The artist collective Daito Manabe + Rhizomatiks presents 2020-2021. Referencing the fact that this event was planned for 2020, in time for the Olympics, but has been postponed to 2021, Rhizomatiks brought together vast amounts of data that were planned for in 2020 but were never realised, and allowed artificial intelligence (AI) to visualise accumulated data in an abstract illuminated form.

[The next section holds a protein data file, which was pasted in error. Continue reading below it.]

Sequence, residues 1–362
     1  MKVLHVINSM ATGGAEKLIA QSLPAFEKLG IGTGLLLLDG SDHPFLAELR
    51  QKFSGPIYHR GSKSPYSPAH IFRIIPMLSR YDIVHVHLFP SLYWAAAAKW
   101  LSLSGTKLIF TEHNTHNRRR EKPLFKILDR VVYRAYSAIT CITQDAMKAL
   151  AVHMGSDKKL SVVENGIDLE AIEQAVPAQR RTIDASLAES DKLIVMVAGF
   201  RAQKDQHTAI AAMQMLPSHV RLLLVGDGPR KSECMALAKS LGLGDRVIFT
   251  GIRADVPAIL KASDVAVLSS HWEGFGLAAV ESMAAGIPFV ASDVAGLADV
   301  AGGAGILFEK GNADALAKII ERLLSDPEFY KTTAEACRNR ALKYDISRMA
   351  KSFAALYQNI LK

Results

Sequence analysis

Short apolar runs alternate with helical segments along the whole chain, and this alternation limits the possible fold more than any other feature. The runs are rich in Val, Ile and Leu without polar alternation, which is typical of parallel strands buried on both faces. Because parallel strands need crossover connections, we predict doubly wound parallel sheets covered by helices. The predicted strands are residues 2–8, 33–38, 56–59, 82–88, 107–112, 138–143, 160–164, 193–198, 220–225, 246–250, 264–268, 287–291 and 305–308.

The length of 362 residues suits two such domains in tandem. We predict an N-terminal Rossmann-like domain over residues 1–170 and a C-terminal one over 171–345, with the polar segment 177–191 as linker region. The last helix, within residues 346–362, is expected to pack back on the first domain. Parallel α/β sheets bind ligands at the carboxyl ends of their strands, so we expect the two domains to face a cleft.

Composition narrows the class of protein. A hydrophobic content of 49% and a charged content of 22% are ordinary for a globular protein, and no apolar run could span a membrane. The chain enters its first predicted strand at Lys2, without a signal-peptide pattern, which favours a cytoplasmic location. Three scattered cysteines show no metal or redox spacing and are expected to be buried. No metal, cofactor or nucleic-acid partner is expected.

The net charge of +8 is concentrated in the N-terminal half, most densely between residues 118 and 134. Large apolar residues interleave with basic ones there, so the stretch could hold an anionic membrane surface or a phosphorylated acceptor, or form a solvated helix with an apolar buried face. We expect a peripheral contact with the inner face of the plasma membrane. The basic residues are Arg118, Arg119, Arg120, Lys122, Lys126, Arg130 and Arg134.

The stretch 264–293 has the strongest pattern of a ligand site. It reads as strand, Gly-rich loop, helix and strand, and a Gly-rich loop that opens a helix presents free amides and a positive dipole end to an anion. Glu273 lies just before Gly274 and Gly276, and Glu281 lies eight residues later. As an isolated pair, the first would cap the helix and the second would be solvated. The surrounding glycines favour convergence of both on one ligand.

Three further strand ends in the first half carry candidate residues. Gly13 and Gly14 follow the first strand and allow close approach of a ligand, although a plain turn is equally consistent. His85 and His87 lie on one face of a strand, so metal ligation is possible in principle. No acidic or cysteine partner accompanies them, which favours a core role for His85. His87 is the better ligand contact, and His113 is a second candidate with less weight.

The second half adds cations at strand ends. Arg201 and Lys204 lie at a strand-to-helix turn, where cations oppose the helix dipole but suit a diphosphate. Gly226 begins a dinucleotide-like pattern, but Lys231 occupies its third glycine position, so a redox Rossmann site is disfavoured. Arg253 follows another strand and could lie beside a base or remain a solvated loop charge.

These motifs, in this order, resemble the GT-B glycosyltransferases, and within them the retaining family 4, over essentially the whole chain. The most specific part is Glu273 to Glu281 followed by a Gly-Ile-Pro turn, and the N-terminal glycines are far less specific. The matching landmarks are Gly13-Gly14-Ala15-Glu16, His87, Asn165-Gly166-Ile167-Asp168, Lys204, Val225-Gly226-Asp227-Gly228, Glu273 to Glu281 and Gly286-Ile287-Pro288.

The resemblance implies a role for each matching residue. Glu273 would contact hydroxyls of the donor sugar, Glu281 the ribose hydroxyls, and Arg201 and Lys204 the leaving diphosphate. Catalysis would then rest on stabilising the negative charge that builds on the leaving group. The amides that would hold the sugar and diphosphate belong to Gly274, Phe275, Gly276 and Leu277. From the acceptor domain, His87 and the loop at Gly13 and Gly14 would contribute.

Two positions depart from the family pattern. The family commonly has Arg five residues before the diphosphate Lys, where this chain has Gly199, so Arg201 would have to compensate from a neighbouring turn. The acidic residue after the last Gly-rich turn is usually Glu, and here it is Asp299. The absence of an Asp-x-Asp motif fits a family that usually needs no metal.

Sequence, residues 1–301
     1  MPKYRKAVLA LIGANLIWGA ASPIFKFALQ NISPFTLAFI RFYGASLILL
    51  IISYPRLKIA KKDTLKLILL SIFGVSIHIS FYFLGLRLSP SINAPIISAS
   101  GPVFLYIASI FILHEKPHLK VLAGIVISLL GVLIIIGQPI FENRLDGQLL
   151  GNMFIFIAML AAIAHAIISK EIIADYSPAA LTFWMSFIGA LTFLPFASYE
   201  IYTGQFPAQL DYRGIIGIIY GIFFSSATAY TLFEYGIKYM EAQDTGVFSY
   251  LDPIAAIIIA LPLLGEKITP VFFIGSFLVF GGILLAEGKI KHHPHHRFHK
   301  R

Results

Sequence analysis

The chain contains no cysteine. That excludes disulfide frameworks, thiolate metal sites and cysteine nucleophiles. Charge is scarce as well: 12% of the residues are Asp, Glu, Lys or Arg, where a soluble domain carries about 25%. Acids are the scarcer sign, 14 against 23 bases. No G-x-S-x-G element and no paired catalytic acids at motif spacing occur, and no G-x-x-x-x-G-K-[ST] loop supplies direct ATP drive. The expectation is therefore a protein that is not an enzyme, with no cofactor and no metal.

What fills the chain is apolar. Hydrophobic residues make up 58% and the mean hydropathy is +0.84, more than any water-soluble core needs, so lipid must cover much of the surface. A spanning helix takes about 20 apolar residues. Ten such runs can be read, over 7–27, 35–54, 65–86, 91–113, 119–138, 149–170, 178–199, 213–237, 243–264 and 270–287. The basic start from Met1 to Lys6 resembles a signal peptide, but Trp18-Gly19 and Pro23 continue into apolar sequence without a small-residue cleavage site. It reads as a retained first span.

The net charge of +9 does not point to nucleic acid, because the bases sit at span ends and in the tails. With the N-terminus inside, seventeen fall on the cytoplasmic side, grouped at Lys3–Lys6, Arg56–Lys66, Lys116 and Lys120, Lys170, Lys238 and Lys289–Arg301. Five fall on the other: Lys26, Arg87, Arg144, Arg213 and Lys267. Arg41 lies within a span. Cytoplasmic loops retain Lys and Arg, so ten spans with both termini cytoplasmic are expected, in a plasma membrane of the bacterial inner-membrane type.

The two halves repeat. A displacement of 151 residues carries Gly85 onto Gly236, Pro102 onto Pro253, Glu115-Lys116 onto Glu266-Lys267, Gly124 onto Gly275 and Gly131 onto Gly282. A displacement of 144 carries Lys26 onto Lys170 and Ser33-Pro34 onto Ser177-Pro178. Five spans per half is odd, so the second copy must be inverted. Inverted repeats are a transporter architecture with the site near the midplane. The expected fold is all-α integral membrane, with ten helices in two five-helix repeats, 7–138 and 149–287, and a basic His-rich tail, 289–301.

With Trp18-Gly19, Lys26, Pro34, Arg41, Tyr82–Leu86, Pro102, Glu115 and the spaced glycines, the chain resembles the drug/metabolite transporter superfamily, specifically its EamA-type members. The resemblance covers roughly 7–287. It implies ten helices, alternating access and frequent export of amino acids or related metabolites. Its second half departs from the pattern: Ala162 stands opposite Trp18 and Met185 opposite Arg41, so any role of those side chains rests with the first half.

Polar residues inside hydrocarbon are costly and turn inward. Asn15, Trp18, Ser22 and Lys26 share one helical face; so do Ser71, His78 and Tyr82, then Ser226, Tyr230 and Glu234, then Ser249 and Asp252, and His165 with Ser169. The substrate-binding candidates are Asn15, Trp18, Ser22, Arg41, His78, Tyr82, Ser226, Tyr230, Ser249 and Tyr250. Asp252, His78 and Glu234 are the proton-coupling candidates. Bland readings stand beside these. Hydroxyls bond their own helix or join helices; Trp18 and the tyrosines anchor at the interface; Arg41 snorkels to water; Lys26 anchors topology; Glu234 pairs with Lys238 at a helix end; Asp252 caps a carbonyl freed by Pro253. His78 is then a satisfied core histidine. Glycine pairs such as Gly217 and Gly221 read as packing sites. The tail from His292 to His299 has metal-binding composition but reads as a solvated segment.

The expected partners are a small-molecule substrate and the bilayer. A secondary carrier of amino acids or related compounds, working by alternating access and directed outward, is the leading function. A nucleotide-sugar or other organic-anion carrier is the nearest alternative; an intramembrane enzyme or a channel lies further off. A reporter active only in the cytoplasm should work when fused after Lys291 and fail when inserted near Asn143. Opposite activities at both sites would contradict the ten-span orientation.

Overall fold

The original hope of Pavilion Tokyo 2021 was to give foreign visitors to the Olympics the chance to experience the different cultural aspects of the city. Now that foreigners are scarce because of Covid-19 restrictions, the event has taken on a different meaning. The chair of the committee of Pavilion Tokyo 2021, Etsuko Watari, was brought up around the neighbourhood where the New National Stadium stands and, as a small girl, saw how the 1964 Tokyo Olympics brought energy to the city. “We hope to create a lasting impression on the visitors, although these pavilions don’t serve any purpose in society,” she said.